The pinnacle of autumn food is game, and the good news for oenophiles is that roast game birds work with many different wine styles, allowing you great flexibility when deciding what to open. For a start, autumn means game season, and a generous bounty of game birds, duck, and venison begin to fill restaurant menus and delicatessen counters. All of which are perfect for a cozy night in front of the fire, savoring delicious food and drink. St-Emilion works tremendously well with roast game, as does red and white Burgundy – our top choices would be Chambertin or Corton Charlemagne. But if we’re talking about older game birds in casseroles, then you need something slightly more robust and less fine; Pommard, Ribera Del Duero, or Napa Valley Cabernet Sauvignon is perfect. And with the well-hung game, you’ll need a very powerful, weighty red. Vega Sicilia is ideal, as is a great Rhone-like Cote-Rotie.
If, however, you crave pheasant or grouse, then the good news is that roast game birds work with many different wine styles, from St-Emilion to Grand Cru Chablis. Or, you could try an older sherry, such as Amontillado. The unsung hero of the wine world, Amontillado is essentially an aged Fino; having been aged in a controlled oxidative fashion, it offers complex aromas and flavors of toffee, citrus, and spice. Therefore, it is the perfect match for the gaminess of pheasant, grouse, or pigeon, and even acquits itself admirably against older, more pungent birds. Of course, when pairing wine with game, the sauce is equally as important, but again the meat can be adapted with sauces to match almost any fine wine.
So if your tastes lean towards duck, we’d strongly recommend a good Pinot Noir, whether it be a mature Burgundy or a fruit-driven, silky example from New Zealand. It tends to work extremely well with duck, although ultimately, how the bird is prepared will strongly influence the ideal choice of wine on the table. The key thing to remember is that duck and goose, both delicious but quite fatty types of meat, deserve wines with plenty of acidities to cut through that fattiness and contrast with the rich flesh. Therefore Confit de Canard works best with a young, tannic red like Cahors or a young Bordeaux, whereas roast duck without a sauce adores Chambertin.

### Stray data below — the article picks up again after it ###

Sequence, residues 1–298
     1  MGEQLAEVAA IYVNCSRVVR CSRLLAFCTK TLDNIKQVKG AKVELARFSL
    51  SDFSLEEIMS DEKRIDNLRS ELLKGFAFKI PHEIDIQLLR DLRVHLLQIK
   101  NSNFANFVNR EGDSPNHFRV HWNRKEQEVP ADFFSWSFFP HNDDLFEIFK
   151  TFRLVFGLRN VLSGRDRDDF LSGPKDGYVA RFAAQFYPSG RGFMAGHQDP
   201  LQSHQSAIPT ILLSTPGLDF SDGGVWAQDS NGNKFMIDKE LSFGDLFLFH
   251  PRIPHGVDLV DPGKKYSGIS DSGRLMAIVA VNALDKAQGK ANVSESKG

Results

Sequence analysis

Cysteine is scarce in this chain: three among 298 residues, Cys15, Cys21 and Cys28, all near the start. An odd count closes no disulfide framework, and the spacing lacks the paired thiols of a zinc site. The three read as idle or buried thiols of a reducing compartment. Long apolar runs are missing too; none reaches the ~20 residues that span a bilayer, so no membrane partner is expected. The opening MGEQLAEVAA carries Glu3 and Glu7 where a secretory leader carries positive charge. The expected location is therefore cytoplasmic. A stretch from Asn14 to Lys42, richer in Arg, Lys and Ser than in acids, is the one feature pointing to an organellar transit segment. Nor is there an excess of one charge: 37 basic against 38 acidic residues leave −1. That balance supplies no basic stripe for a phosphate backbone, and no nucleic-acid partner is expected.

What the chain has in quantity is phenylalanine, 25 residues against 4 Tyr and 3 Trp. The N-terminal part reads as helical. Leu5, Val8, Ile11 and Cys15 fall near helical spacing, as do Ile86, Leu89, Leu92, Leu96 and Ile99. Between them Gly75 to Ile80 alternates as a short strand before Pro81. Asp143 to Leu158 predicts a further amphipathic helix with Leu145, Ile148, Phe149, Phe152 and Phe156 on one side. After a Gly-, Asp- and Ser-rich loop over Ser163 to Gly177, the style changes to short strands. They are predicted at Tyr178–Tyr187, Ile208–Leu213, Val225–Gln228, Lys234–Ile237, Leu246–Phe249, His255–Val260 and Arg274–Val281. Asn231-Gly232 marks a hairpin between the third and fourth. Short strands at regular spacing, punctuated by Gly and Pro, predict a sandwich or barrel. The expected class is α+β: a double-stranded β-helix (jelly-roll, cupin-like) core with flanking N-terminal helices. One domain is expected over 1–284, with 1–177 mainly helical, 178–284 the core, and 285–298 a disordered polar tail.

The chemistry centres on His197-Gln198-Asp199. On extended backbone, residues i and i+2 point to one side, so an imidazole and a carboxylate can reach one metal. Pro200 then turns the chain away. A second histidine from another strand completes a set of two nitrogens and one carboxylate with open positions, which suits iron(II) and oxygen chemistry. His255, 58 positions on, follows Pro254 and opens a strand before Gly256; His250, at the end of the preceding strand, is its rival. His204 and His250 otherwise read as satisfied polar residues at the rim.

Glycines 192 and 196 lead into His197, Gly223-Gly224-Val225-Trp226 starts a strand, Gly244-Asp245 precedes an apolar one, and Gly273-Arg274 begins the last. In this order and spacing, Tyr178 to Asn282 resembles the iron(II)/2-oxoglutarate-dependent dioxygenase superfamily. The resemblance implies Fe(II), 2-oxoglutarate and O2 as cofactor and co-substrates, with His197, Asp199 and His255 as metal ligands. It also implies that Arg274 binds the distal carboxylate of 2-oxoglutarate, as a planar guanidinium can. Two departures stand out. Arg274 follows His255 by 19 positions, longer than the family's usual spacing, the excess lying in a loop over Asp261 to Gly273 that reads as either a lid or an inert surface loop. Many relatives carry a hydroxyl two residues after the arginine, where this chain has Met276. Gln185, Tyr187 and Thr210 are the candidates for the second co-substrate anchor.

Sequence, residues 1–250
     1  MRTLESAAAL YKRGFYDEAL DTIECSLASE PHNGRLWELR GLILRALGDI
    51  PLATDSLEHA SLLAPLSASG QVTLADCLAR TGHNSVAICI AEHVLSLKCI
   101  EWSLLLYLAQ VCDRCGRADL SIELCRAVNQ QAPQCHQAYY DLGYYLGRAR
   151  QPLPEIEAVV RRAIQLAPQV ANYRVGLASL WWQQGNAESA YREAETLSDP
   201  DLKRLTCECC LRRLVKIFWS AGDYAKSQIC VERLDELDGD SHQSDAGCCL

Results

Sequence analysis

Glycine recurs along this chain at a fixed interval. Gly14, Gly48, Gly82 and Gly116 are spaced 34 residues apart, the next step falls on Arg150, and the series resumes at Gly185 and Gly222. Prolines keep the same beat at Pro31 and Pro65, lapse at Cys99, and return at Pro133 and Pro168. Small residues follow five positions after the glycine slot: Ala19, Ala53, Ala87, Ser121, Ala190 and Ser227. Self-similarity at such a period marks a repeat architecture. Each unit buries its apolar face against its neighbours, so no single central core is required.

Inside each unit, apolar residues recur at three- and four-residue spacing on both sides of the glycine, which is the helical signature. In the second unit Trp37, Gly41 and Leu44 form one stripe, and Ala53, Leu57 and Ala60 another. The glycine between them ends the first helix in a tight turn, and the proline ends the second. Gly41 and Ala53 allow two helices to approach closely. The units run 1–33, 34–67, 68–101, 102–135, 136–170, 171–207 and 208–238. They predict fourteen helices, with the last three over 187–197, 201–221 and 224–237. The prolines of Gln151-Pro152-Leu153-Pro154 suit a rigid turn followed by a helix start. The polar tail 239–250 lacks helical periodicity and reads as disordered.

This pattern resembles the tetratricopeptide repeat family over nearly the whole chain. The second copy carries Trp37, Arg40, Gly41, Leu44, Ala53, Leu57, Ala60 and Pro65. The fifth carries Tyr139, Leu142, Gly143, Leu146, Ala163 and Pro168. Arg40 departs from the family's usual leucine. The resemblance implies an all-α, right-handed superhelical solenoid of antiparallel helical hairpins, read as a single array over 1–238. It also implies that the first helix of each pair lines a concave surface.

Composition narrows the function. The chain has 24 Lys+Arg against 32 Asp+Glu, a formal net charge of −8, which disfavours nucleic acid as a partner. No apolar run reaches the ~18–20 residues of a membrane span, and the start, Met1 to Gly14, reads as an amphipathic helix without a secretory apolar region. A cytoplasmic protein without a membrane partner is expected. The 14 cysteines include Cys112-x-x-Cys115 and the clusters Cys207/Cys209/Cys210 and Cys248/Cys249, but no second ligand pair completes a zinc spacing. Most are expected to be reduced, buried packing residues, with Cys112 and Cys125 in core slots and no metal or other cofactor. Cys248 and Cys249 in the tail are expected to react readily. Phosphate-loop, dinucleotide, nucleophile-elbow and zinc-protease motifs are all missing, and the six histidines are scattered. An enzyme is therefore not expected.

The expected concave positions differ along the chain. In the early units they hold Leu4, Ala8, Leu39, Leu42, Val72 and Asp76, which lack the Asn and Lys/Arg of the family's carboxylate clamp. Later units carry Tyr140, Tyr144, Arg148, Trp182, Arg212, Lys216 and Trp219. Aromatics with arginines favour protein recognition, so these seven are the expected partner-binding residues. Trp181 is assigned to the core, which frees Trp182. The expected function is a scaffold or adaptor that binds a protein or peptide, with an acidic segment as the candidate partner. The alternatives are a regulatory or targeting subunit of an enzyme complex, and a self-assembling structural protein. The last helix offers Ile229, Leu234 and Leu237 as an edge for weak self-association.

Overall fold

Venison is, of course, another eagerly anticipated part of autumn cuisine, especially if paired with an aromatic German white or a deep, tannic red such as Gigondas or St-Julien. However, if you plan to serve roast Venison, then consider a good Rhone red like Chateauneuf-du-Pape. Bordeaux is another surefire hit, particularly if there’s a sharp berry sauce – stewed Venison is another matter entirely and deserves a wine equally as powerful in flavor. Here, your choices are varied, but Zinfandel works very nicely indeed, as does young Ribera Del Duero.
Another autumnal treat, wild boar’s wonderful rich texture and intense gamey flavor will obliterate lighter reds and whites – a ripe, structured red is called for. We love wild boar casserole with Priorat or a top Chianti.
Apple pie, Tarts or Strudel
Apples are ripe and plentiful at this time of year and lend themselves to a variety of mouth-watering desserts, including the traditionalist’s delight, apple pie. They deserve an equally stunning dessert wine; an Austrian sweet Riesling would be ideal. Canadian Ice wine is another delicious pairing.
Blackberry based desserts
Our favorite autumn fruit, blackberry tarts, and flans deserve a rich, sweet wine like Monbazillac, sweet Vouvray, or German Trockenbeerenauslese. Port, believe it or not, is another superb match. Port wines come in various categories and quality levels: the top of the Port hierarchy is the vintage ports, wines of great power, flavor, and complexity. Our favorite tipple? Taylor’s 1985 vintage.